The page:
Senator Dick Lugar (R-Ind.) on Friday said that poorly secured medical laboratories in East African countries, which host insurgent groups linked to Al Qaeda, are vulnerable to bioterrorism, Agence France-Presse reports.
"Lugar, with a visiting Pentagon arms control expert team, told reporters that despite the absence of immediate bioterrorism threats in the region, security in the labs handling dangerous pathogens was critical. 'It is so important that biosecurity be enhanced here and promptly,' said Lugar. 'Al Qaeda and other terrorist groups are active in Africa and it is imperative that deadly pathogens stored in labs there are secure,'" he said, the news service reports (11/12).
Last week Lugar "toured sites in Uganda, Burundi and Kenya where diseases like ebola, marburg and anthrax are stored - pathogens that can be stolen and made into weapons," the Associated Press reports.
During a visit to the "Kenya Medical Research Institute, red and blue garbage bags of medical waste sat next to a storm drain that leads to Nairobi's Kibera slum. A Lugar aide said medical waste in the U.S. would have to be incinerated immediately instead of sitting around," the news service writes. Unsecured medical materials could pose a significant threat during times of political upheaval, such as the deadly riots that followed Kenya's 2007 presidential election, Lugar said.
Solomon Mpoke, director of the Kenya Medical Research Institute, "acknowledged the shortcomings and said that while his facility has not experienced break-ins, attacks or other serious threats he looks forward to U.S. assistance, including a strengthening of the fence near the slum," the AP writes (11/12).
In a press release from his office, Lugar also mentioned the unique work done in these labs. "The work that has been performed at these labs is invaluable and the world is better off for it. Without this research we would be even further behind the curve on potential outbreaks and new strains of deadly diseases like Ebola and anthrax," Lugar said. "The threat is very geographically focused because in one instance the population of the slum is literally against the security wall of the laboratory," he said of his visit to one lab "situated immediately next to Kibera, the largest slum in Nairobi and known terrorist recruiting grounds," the release states (11/12).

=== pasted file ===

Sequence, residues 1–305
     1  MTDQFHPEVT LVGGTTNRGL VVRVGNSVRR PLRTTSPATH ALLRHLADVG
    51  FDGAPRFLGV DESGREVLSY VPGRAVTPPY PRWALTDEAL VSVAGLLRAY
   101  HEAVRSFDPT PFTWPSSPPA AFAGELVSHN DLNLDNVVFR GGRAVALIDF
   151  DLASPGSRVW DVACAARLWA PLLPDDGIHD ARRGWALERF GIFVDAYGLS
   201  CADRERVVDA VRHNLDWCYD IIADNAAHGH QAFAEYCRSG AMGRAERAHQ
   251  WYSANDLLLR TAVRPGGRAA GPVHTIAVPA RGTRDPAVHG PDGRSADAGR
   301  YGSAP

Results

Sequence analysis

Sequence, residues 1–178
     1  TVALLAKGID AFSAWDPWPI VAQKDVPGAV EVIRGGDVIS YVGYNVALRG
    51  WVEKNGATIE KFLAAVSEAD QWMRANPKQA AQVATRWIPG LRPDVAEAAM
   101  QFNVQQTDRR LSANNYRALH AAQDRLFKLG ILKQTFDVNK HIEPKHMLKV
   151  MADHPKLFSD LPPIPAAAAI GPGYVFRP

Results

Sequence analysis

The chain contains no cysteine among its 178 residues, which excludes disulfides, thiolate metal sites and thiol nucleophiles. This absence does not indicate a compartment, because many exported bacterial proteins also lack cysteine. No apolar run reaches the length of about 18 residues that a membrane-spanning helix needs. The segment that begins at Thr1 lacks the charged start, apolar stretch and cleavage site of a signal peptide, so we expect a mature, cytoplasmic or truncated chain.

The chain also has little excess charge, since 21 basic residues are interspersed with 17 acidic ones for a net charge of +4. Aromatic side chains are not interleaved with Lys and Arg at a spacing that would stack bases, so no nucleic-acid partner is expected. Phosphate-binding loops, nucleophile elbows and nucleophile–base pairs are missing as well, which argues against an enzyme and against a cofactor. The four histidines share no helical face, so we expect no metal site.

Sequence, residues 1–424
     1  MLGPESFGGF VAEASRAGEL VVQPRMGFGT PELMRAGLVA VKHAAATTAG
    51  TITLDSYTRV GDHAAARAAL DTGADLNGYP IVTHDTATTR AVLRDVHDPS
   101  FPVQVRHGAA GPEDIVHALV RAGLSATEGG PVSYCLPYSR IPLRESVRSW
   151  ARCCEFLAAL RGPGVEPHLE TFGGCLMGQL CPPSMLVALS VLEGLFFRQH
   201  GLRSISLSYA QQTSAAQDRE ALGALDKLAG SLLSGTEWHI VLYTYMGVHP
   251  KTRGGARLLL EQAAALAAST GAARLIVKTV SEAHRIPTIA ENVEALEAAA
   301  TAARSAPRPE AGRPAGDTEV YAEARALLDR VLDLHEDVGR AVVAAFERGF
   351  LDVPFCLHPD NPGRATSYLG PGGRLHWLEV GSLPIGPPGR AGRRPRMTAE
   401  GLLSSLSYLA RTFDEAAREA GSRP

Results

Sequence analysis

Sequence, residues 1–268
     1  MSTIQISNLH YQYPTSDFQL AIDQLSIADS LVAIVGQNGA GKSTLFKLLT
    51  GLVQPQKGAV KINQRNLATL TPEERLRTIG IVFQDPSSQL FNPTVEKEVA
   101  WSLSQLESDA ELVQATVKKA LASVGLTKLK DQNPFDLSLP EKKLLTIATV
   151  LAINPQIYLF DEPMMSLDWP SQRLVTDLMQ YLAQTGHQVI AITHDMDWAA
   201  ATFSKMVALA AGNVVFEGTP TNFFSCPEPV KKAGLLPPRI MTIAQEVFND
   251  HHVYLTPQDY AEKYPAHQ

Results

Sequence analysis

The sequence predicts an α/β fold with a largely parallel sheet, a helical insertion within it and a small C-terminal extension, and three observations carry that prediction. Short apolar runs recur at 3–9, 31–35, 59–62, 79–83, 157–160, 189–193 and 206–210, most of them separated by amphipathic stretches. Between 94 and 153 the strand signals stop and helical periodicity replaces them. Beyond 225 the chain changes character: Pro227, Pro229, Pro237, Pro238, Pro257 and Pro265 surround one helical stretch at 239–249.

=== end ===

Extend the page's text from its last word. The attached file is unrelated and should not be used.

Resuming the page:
"We want to work together as partners to provide a very different situation," according to Lugar, who also said the U.S. was willing to provide the labs with financial support, AFP reports. "We have objectives that will hopefully bring about safety for those who are bringing about human services in a world that is sometimes dangerous," he said (11/12).
The AP quotes Andy Weber, a top Pentagon official, Noel Stott of South Africa's Institute for Security Studies and Milton Leitenber from the Center for International and Security Studies at University of Maryland, who "said African countries should not divert funds, personnel and effort to [the] 'greatly exaggerated U.S. preoccupation with bioterrorism'" (11/12).
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